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Toyota’s 2500 factory workers will vote next week on the redundancy packages they will receive when the Altona facility closes at the end of 2017 -- as the car maker repeated its pledge to “go the full distance”. Toyota is the last of the three car makers to negotiate the terms of its separation packages but the union has described it as a “fair deal”.
“We’ve been in negotiations for some time about the closure arrangements and now it’s matter of going through the detail of what it all means,” said Dave Smith, the national secretary of the vehicles division of the Australian Manufacturing Workers Union. I’m comfortable with the deal being put to members but ultimately the members will make a decision on whether or not it’s a fair deal.”
Newly appointed Toyota Australia president, Dave Buttner, only the second Australian to lead the company in more than 50 years and the first since 1992, reaffirmed its commitment to building cars all the way to the planned closure date. “We are 100 per cent committed to building cars through to the end of 2017 and we’re taking unprecedented steps to ensure that happens,” said Mr Buttner, who was promoted to the president’s role on May 1 after 27 years with the company.
Ford, Holden and Toyota have put aside their rivalries to work together to keep the network of local parts suppliers afloat so they can all reach their end-of-production targets. Ford is due to close its Broadmeadows and Geelong factories in October 2016. Holden’s Port Melbourne engine factory is due to shut some time in 2016 and the Elizabeth car assembly line will close in the second half of 2017. Toyota says it will build cars all the way to December 2017.
In a wide-ranging interview almost 100 days since global Toyota boss Akio Toyoda announced the factory closure in person at the Altona site, Mr Buttner revealed that the company had stopped the production line every fortnight since then to address workers.
“We have duty of care to make this to most respectful transition to a sales and distribution company in the history of Australia,” said Mr Buttner. “We’ve tried to have the most open communication process we’ve ever had as a company. When there’s uncertainty you can put out all the pieces of paper in the world … but people need to hear from a human being.”
Mr Buttner said 15 per cent of the workforce is over 55 years of age and may use the redundancy payout as a chance to take early retirement. But the average years of service for all Altona workers is 15 years. About 20 per cent of workers are aged under 33, but the majority (65 per cent) are in the 34 to 54 age bracket. “They’re still dealing with mortgages and raising kids, so for them, finding another job is critical,” said Mr Buttner.
“To do that we have to treat everyone as an individual, we have to understand the phase of their career and the phase of the life that they’re at and we will sit with every employee and develop an individual development plan.”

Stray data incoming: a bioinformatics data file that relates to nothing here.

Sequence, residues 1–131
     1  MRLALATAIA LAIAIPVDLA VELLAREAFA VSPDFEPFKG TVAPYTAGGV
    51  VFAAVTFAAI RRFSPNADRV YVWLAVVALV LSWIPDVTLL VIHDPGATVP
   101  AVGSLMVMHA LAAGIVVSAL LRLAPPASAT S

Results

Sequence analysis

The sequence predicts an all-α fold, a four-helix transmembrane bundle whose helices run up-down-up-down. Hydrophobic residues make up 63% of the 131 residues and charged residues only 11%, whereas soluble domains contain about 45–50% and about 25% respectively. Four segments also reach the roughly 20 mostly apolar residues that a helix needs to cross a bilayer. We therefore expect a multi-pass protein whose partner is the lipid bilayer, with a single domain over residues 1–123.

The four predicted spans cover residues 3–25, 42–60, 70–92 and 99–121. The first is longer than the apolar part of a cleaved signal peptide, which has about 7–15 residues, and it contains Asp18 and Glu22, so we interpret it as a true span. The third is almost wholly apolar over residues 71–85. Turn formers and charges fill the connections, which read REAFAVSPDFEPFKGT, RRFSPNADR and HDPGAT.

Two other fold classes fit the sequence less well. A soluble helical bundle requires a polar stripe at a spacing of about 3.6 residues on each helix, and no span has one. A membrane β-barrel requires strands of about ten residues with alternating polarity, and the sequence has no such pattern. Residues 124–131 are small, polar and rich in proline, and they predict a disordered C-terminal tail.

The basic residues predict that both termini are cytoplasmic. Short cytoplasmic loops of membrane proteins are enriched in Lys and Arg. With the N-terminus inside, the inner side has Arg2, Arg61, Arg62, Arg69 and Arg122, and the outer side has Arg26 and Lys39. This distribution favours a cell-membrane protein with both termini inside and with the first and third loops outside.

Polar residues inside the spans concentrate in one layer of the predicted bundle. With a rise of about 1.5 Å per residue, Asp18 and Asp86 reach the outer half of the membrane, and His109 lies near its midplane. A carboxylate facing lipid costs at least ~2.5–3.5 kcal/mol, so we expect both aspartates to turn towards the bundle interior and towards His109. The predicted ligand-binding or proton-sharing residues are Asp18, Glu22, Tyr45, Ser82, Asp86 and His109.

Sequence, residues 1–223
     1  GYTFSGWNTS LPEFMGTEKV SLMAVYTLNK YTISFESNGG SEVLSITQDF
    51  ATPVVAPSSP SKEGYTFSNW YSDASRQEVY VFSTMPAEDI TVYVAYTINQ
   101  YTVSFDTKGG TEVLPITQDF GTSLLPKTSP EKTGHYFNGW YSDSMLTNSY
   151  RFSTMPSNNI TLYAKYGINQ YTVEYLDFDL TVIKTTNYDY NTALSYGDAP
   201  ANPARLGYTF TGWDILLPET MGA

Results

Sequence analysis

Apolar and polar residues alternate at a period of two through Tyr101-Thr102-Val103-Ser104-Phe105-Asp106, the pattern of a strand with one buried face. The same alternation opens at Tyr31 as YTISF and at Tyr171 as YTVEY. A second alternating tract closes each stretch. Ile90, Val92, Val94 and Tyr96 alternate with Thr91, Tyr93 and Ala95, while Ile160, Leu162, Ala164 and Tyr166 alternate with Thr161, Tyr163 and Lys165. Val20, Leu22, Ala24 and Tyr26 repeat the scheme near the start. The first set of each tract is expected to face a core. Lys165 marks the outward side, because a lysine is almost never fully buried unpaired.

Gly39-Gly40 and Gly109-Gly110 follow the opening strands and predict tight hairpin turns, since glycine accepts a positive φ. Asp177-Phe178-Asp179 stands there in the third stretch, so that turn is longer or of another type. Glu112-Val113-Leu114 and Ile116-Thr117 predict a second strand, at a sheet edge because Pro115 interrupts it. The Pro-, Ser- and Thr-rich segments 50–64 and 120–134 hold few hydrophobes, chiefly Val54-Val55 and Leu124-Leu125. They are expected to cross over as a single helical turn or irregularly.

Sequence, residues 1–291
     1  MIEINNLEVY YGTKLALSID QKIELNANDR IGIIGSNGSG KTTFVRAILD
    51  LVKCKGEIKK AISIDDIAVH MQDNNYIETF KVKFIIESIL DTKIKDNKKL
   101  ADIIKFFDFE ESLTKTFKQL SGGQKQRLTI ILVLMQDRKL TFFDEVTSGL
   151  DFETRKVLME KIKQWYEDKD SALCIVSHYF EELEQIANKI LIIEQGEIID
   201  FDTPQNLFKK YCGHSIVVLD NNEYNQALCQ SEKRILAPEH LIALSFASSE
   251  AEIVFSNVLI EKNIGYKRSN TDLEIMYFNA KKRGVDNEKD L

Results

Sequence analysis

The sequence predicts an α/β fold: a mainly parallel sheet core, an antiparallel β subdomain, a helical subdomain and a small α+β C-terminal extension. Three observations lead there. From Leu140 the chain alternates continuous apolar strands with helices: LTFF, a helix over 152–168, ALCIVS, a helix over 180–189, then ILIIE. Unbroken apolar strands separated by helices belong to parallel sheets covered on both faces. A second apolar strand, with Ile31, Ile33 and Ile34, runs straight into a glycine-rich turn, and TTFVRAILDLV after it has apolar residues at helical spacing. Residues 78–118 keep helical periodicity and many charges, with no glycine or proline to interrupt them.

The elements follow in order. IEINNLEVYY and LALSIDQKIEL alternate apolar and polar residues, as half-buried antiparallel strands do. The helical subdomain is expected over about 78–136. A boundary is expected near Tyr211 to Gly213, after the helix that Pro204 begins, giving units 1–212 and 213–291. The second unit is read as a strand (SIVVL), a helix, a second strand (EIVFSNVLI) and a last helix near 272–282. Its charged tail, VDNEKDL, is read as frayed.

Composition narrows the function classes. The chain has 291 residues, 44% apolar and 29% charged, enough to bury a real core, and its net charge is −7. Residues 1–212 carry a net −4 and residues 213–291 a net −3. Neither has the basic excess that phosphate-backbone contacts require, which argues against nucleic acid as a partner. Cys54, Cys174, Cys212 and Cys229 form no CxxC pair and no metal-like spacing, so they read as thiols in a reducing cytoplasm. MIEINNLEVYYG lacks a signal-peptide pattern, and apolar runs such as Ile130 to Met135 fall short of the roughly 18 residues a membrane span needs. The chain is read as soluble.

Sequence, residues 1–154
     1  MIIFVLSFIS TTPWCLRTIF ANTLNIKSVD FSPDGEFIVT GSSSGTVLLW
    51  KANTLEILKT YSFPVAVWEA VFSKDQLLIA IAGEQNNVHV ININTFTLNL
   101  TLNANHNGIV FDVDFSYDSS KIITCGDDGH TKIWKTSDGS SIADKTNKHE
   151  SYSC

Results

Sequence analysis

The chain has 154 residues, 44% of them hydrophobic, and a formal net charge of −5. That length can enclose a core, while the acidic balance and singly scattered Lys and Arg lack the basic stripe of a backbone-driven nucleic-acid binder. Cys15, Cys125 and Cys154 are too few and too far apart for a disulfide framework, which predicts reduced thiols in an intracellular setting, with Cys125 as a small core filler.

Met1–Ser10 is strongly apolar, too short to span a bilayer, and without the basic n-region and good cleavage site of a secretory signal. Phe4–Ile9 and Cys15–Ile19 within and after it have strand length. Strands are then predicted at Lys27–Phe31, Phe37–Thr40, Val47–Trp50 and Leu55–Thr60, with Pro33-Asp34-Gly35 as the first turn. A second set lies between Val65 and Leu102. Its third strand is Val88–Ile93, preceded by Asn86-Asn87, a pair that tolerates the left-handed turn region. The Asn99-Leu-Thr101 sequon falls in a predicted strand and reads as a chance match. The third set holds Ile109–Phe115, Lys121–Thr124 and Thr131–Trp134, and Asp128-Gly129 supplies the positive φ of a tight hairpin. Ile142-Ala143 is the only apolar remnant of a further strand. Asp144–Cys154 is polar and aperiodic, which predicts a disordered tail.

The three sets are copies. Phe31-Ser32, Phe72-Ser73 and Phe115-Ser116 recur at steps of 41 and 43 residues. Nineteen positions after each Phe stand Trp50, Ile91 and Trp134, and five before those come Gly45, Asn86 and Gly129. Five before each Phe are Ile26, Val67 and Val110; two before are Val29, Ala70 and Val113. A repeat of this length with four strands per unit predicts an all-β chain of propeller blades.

Toyota is in the process of establishing language translation services and resume writing services for all workers, as well as appointing career advisors. Meanwhile, it appears the future of Toyota’s 600 or so white-collar office workers is also under review and it is turning into a Sydney versus Melbourne battle.
Toyota Australia’s head office is in Port Melbourne has 326 staff while the sales and marketing office in Caringbah, a seaside suburb south of Sydney, has 309 employees. Mr Buttner would not be drawn on which office would close, or if both would remain open. But he said a decision would be made by the end of this year to give workers at both locations ample notice.
Mr Buttner also warned that Toyota Australia is expected to post a significant financial loss after Holden and Ford this week announced losses of $553.8 million and $267 million respectively. Toyota Australia’s financials won’t be made public until July because the company works to the Japanese financial year, which ends on March 31.
“We will report by the end of July,” said Mr Buttner. “Given the fact we are also going through the same thing as our competitors then there will be some elements in there that won’t surprise many people.” Toyota’s redundancy package has taken longer to prepare because the company “never gave up hope” of coming up with a survival plan.
Mr Buttner revealed that the company had made it almost half way to its ambitious cost-savings target to slash $3800 from the cost of building a car, but in the end the plans were foiled by factors beyond Toyota’s control.
“We never gave up in fighting for our manufacturing future until the day the closure was announced,” said Mr Buttner. “We reached our savings targets in the first two years. Toyota (Japan) even sent representatives from other factories to see how we did it,” said Mr Buttner.
“But in the end there were too many ‘uncontrollables’ that just meant it was not viable to continue (manufacturing). That’s why for our employees the announcement was very difficult because we had worked so hard to reach our first two (of five cost-saving) targets.”
When asked if Toyota could survive if Ford and Holden were too close early, Mr Buttner said: “We just have to watch what’s happening. I don’t understand what their mid and long term plans are, we just have to be prepared for every contingency … we have to be prepared for any eventuality.”